Ontario is dotted with lakes stocked with splake by the Ontario Ministry of Natural Resources and Forestry (MNRF). These hard fighting, great eating fish provide excellent angling opportunities, particularly early in the springtime.
Small splake lakes are among the first to lose ice in the spring and it’s often the first open water fishing trip I make each year.
Walking and ATV trails typically provide access to splake lakes. Anglers can fish from shore or bring in canoes, small boats, and motors to explore the lake.
On the menu
Spring splake often make their presence known. Combining the right location and presentation will get results.
They are typically found in shallow water during the spring. They gorge on aquatic insects and small minnows that occupy warming shallow water. Soft bottom bays with emerging vegetation are hot-spots for early season splake.
Other areas to check out include downed trees, points, and beaver houses. Most splake lakes aren’t very large in size, allowing anglers to cover a great deal of shoreline when searching for fish.
When splake are actively feeding there’s a number of presentations that will produce fish. Casting small in-line spinners, such as Mepps number 1 or 2, is a personal favourite, but not the only option.
Small spoons and crankbaits are also proven producers for springtime splake. Trolling along the shoreline with these baits is a great way to cover water and locate fish.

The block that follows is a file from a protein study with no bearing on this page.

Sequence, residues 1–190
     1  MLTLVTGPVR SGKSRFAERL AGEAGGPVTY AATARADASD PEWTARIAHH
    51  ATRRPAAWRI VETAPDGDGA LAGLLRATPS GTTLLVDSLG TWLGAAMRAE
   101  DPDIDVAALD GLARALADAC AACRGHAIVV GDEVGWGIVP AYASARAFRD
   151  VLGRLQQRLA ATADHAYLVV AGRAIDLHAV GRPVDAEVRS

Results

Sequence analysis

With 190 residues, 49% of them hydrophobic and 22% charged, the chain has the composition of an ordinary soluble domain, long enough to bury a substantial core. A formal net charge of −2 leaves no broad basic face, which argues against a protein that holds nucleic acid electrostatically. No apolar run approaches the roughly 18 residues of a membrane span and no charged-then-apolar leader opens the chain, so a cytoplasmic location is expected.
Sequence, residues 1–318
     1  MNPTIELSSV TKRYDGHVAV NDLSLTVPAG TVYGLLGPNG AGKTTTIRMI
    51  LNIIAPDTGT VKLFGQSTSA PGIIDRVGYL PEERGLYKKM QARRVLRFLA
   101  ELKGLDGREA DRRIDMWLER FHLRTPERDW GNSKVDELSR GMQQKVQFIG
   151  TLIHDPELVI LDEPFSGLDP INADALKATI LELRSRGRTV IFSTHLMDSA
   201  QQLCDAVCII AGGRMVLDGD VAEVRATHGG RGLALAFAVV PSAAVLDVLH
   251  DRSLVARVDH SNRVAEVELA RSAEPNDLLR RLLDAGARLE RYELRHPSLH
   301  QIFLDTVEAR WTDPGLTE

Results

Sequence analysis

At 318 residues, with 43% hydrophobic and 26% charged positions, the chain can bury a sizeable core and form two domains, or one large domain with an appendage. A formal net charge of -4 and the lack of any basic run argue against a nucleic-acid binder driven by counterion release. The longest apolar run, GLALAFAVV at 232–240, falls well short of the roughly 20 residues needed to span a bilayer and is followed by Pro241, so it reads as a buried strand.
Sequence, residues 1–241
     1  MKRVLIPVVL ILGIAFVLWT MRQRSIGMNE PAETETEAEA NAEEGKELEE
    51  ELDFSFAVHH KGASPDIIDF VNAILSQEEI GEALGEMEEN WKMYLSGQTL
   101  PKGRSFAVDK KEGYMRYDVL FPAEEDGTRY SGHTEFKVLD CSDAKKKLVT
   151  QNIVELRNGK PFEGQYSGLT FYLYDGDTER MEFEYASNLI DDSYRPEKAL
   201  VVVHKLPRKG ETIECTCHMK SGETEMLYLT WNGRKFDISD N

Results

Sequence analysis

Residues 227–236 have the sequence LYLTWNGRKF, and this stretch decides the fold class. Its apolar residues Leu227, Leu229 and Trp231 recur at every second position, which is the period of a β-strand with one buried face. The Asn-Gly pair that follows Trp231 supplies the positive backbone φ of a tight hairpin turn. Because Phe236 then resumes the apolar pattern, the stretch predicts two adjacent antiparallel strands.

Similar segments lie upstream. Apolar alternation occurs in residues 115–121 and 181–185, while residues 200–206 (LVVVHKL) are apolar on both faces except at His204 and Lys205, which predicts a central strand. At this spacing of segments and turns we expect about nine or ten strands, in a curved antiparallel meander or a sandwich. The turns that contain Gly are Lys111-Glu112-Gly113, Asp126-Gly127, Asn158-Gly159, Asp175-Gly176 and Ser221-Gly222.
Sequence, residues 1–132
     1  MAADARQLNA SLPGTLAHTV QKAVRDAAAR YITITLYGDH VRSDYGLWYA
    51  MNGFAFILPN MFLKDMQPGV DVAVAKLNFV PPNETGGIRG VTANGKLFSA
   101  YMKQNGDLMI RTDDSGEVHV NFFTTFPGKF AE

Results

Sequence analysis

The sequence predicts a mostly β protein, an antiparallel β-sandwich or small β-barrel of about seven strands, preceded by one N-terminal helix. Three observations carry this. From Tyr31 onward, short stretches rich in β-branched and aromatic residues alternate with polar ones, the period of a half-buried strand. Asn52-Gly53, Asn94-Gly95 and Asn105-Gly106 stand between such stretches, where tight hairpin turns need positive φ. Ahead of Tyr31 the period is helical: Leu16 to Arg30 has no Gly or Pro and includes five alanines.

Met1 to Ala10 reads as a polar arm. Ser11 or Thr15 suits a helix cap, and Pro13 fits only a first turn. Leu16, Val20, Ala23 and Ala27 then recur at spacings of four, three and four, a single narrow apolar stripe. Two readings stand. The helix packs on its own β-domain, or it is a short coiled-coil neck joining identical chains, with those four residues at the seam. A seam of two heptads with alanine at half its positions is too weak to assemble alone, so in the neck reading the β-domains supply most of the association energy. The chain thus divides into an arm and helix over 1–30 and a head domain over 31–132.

Another technique worth trying once fish are located is jigging. Casting hair jigs is a fun way to catch active fish, vertical jigging also works. I’ve had success jigging the smallest size Lindy Darter.
Liven it up
There will be days when springtime splake make you work for hits. If they aren’t chasing down spinners, spoons, or crankbaits, try a live bait presentation. Small minnows and crawlers are both excellent choices when trying to entice bites from neutral fish.
One of the best ways to present live bait is under a slip bobber. This technique alone can out-fish other presentations on days when the bite is slow.
This versatile approach can be fished from shore or while anchored or drifting in a boat. Fishing different depths is easily accomplished by moving the bobber stop up or down the line.
Small jigs or bare hooks with a split-shot up the line will get your bait down to the strike zone. This is an excellent method for fishing around timber, but remember to set the hook quickly before your line gets pulled into the wood.
Splake are a hybrid fish that result from the crossing of a male brook trout and a female lake trout. They are fast growing, largely due to the fact that they don’t invest energy in reproduction.
It’s common to catch splake in the 15- to- 20 inch range, and although rare, fish over 25-inches can be caught. Like their parent fish, splake have pinkish flesh that makes for excellent table fare.
The MNRF stock these fish in a number of lakes across Ontario. This provides anglers with excellent put-and-take fishing opportunities.
To find a list of stocked lakes visit the Fish ON-Line part of the Ministry’s website.